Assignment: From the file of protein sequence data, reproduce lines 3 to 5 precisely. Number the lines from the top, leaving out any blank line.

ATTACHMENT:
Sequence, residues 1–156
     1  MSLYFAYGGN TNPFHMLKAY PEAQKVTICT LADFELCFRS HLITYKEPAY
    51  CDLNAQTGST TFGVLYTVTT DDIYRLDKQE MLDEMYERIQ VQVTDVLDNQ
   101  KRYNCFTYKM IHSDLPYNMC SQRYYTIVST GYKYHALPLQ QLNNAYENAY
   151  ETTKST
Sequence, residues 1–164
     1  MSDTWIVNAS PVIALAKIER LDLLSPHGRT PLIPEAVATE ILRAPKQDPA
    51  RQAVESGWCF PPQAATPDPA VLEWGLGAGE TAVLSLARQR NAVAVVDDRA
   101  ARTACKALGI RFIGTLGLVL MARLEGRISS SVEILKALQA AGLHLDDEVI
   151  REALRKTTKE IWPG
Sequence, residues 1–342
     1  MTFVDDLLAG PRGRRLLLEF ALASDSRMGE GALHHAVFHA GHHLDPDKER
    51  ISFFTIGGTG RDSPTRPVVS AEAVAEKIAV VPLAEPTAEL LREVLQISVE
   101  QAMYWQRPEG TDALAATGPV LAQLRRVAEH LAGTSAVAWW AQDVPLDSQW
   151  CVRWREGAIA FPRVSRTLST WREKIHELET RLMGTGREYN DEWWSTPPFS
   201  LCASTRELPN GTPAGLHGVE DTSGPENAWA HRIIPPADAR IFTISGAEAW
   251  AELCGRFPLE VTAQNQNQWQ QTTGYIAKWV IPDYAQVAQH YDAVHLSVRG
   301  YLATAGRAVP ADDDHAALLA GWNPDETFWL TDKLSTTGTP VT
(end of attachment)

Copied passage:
    51  CDLNAQTGST TFGVLYTVTT DDIYRLDKQE MLDEMYERIQ VQVTDVLDNQ
   101  KRYNCFTYKM IHSDLPYNMC SQRYYTIVST GYKYHALPLQ QLNNAYENAY
   151  ETTKST